The U.S. women's gymnastics team, on the cusp of claiming only the second team gold in American history, enters Tuesday's team finals with one person on whom everything could turn: Jordyn Wieber.
This is the best women's squad America has produced since the Magnificent Seven won the country's only team gold medal at the 1996 Games in Atlanta. But its most talented teammate faces the most important question of her life.
Does Wieber, who missed out on the all-around finals at Sunday's qualifying, focus on the death of her dream or on the team that needs her to take them to the top of the podium?
Let us hope she is ready. This team is so deep that its dominating qualifying performance could very well serve as a prelude to a triumphant Tuesday worthy of the millions of Americans who will be hanging on their every moment.
Aly Raisman and Gabrielle Douglas, the two teammates who bested Wieber in the all-around qualifiers, give the American three of the best four gymnasts on earth. McKayla Maroney is a vaulting specialist who is absolutely the best on earth at what she does - a mix of power and grace so compelling that watching her routine can take your breath away. Even young Kyla Ross, who will compete in uneven bars and balance beam, has all-world talent.
But it's on Wieber that this team's fortune hangs, just as it's on Wieber - heartbroken, devastated, perhaps distracted - who must be its leader. She is the reigning world all-around champion, the U.S. woman with the most international experience, and the teammate most able to put the weight of this opportunity on her shoulders and take the Americans home to gold.
"We have to be able to turn the page and go on with the next chapter - the team final," said Marta Karolyi, the national team coordinator. "This is what happens when you have so many high level gymnasts on one team. I think Alexandra and Gabrielle had just a better day than Jordyn had."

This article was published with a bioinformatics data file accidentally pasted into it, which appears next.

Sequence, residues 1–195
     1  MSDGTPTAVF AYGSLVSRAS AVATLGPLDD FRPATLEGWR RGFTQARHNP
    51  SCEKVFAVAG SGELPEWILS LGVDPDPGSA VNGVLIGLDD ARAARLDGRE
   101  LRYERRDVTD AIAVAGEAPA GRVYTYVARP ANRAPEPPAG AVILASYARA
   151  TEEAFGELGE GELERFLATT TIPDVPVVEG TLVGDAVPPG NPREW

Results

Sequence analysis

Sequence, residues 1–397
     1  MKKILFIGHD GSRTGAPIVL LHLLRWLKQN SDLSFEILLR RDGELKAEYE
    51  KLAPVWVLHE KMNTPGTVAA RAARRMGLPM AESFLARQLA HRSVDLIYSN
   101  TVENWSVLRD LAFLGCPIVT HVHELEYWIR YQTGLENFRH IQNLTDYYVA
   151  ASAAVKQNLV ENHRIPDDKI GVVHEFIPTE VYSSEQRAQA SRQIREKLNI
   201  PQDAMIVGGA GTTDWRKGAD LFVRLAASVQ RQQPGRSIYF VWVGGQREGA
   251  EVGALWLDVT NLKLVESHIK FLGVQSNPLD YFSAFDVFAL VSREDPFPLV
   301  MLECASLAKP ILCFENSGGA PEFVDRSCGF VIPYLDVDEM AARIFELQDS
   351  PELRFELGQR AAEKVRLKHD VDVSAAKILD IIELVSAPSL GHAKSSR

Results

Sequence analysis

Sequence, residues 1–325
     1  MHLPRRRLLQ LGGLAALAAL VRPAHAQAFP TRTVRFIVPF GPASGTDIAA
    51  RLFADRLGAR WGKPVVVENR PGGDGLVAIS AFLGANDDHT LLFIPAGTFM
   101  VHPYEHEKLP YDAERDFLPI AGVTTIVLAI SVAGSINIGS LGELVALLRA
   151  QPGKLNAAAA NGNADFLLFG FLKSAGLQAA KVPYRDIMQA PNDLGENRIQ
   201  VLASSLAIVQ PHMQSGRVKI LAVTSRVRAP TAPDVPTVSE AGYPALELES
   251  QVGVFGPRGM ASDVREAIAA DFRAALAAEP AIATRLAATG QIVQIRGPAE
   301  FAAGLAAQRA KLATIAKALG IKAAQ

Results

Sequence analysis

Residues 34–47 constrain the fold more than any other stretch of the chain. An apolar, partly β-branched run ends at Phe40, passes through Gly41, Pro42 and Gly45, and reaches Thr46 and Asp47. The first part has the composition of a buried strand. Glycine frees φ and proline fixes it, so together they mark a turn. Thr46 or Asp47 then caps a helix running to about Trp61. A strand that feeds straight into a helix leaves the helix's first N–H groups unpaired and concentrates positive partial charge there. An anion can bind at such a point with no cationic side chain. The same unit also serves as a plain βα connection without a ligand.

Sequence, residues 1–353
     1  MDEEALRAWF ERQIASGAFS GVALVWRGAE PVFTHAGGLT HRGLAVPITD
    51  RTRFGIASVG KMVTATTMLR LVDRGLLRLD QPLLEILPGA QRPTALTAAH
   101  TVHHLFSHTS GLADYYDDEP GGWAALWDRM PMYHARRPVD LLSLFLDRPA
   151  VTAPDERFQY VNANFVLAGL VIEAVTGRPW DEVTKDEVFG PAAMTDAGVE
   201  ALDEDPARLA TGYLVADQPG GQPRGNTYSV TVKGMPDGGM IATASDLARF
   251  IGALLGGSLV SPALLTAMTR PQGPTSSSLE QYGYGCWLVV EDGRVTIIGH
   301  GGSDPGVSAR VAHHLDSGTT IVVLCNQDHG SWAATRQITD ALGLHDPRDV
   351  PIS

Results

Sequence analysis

Yes, but it is Jordan's performance Tuesday that will dictate everything. So let's start by politely asking her coach, John Gebbert, to keep his mouth shut, or at least focused on the task on hand, until the team finals are over.
His remarks Monday that the rule allowing only two women per country into the all-around individual finals is an "injustice" is an injustice itself: A slap to a team that must have its star forget, at least for now, what she has lost. Gebbert pushes only a single-minded focus on something that is already gone. Wieber will not be an all-around medalist, and so the time for that talk is over.
But she can bring home gold. And everyone around her must put the spotlight on that truth.
Talk about that, Gebbert, or don't talk at all.
It is rare we turn to the young girls who make up these teams to give its coaches wisdom, but Douglas had it right Sunday.
"We kinda have to deal with disappointment," she said. "It is what it is."
Yes. It is what it is. And it turns out it's this: The U.S. team needs to win this. It is their moment. It is the right team, it is the right time, it is within their grasp. What was accomplished in 1996 can be done again here.
They're called once-in-a-lifetime moments for a reason, and on Tuesday all of us will have the chance to watch one unfold knowing that this can - this should - happen.
"That's the most important thing now," said coach Mihai Brestyan. "We really have to win it. That's the goal of every single one. We have the line-up and we won't change that. We just need to keep our gymnasts to stay focused and hopefully they will be back in better shape (Tuesday)."
The road to gold looks like this: On the vault, Weiber, Douglas and Maroney, a startling group. On the uneven bars, Wieber, Ross and Douglas will be excellent. Ross, Douglas and Raisman will take the balance beam. And then on the floor exercise Douglas, Wieber and Raisman can be among the field's finest in that event.
That means Jordyn Wieber, star of the team, will have three chances to flash her brilliance in pursuit of glory. This is the moment America chases one of the rarest of gold medals. To catch it, they need her at her most focused, her most able.
They need her at her best: Thinking only of her team.
You can follow Bill Reiter on Twitter or email him at firstname.lastname@example.org.